“FOUNDED IN 1896 by Jewish Civil War veterans, JWV is the oldest continuously active veterans’ organization in the United States. JWV serves veterans throughout the country by advocating for veterans’ rights and benefits at the national, state and local levels. JWV is dedicated to upholding America’s democratic traditions and fighting bigotry, prejudice, injustice, and discrimination of all kinds.”
Jlife had the pleasure of speaking with two members of the Inland Empire’s chapter of the Jewish War Veterans of the United States, Post 512. Commander Stan Vitt and Simon Saul gave us the inside scoop on the organization, their local post and challenges that they face.
Stan Vitt, Post 512 Commander
In which branch of the armed services did you serve and during what years?
I served in the US army actively from 1952-1954 and in the inactive reserve from 1954 – 1960.
If you were an active service-member during a conflict were you deployed overseas?
I did not serve overseas, as I was more valuable as an Infantry Field Instructor in Leader’s Course…I had eight weeks of infantry training, eight weeks of engineering training and eight weeks of Leader’s Course after which I was assigned to Leader’s Course as an Instructor/Permanent Party.
How did you first become involved with the Jewish War Veterans of the United States? I first became involved with the JWV a few years after my wife passed away in late 2003 when I saw an ad in the paper.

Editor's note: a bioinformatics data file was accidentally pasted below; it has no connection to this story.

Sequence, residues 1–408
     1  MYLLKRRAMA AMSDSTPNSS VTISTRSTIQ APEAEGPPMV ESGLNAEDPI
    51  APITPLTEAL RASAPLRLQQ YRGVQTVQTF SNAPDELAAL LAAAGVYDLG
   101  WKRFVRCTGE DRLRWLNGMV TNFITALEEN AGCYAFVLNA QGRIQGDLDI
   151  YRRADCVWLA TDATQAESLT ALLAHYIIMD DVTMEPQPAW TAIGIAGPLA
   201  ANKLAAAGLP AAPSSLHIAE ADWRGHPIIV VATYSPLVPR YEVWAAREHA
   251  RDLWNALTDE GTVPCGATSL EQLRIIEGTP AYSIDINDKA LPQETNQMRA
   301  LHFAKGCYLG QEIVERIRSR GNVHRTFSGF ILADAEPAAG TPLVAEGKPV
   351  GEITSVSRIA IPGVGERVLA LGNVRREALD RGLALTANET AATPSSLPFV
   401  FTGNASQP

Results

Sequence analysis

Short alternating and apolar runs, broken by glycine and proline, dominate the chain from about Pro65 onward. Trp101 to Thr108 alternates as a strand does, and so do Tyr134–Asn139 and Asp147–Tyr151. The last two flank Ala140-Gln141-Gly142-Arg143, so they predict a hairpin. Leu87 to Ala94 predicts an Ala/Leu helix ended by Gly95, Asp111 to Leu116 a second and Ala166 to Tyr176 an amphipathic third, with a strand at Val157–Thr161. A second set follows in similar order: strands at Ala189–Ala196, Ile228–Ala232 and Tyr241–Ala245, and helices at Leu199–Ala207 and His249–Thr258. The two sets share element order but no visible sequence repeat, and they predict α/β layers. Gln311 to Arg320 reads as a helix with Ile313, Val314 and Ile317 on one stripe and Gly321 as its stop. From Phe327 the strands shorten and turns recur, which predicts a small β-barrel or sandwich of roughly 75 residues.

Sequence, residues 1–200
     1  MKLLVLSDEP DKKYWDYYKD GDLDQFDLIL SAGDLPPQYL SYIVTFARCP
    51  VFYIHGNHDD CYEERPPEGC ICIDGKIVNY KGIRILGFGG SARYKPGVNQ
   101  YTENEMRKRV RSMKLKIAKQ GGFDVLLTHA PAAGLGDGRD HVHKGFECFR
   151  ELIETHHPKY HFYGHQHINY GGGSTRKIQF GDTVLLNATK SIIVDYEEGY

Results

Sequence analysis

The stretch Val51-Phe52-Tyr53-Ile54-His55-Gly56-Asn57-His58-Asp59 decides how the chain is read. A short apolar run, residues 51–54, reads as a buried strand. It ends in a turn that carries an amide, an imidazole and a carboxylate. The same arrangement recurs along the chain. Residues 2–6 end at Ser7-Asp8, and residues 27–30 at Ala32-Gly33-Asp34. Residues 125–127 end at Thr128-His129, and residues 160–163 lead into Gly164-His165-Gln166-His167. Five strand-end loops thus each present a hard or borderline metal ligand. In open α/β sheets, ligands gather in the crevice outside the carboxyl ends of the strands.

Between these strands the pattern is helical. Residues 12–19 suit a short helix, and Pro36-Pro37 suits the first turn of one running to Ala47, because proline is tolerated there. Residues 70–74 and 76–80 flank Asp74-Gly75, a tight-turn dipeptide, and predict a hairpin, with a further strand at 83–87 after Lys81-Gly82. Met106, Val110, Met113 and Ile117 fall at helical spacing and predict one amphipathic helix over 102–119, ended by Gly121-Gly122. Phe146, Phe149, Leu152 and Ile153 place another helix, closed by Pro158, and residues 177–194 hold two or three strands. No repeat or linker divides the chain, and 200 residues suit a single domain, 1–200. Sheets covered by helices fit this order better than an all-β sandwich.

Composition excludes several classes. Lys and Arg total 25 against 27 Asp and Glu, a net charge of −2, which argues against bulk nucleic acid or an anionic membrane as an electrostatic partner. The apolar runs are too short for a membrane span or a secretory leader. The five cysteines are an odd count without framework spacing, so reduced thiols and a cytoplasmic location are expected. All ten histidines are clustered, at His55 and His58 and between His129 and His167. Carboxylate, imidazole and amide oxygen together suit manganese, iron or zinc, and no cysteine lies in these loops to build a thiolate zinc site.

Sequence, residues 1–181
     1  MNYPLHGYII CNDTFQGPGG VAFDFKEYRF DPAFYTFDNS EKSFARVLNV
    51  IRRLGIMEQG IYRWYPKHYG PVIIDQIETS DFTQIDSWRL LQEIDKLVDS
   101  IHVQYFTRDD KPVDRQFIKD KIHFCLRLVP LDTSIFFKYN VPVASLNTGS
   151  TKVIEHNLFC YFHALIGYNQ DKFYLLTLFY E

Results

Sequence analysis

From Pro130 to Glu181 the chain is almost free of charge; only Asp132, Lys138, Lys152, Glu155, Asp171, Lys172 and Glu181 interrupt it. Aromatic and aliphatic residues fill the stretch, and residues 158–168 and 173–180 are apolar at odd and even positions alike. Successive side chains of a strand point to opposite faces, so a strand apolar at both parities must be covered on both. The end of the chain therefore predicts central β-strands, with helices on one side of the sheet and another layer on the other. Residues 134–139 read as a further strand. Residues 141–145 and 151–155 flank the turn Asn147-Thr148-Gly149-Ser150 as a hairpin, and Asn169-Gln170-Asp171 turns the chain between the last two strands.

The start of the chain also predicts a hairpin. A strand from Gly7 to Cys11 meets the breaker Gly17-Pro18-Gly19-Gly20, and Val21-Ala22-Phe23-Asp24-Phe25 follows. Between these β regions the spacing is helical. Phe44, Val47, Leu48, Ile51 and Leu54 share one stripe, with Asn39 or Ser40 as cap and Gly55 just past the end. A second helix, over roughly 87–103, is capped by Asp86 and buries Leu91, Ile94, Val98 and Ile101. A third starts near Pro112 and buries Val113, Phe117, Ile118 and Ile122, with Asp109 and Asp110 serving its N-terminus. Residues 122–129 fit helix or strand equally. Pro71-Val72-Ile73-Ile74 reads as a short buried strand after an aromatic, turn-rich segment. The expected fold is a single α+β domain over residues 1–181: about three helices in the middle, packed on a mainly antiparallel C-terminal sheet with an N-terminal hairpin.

Are there JWV members within your post from various branches of the military? Yes we have veterans from WWII, Korea, Vietnam, and Desert Storm. We are all concerned with supporting the local VA Medical Center.
Simon Saul , Post 512 Member
During your term, how large of a Jewish presence did you observe in the Marine Corp or the armed services in general? Was there a Rabbinic Chaplain available for spiritual or religious counsel during your term of service? There was a minimal Jewish presence during my first two years. One [Jewish] recruit during Boot Camp and one between the end of Boot Camp and deployment to Japan. There was no Jewish Chaplain offered and I did not request to see one.
For Pesach 1954, I volunteered to go to Tokyo for a Seder. It was a lavish affair – GIs from all the branches of the military…We were ‘bunked’ somewhere in Tokyo for the night after the Seder, before being bused ‘home.’
How did you become involved with the JWV?
After 9-11, I joined Post 512 of the JWV, becoming a ‘life member’ in January 2003. I served about 10 years as Adjutant of the Post, resigning from that position in 2016, but retaining my membership and attending most meetings. As Adjutant, I published a monthly publication called the Post Script. I continue publishing a monthly abbreviated version of the Post Script, calling it a Report.
What would you like readers to know about the JWV or Post 512? In many veterans’ organizations, membership and attendance is falling. Recently, one of our long-time members died, one has moved, and another is in the process of moving.
When you reflect on your decision to enlist, and your time in the military, how did it affect you? My experiences in the United States Marine Corps were positive, and helped me integrate/assimilate into American society, since I had been in the U.S. barely two years, and in a then-small city, Albuquerque. I left the Marine Corps in February of 1955, after serving three years. I was a Supply Sergeant at the time.
Perry Fein is a writer and copy editor for Jlife.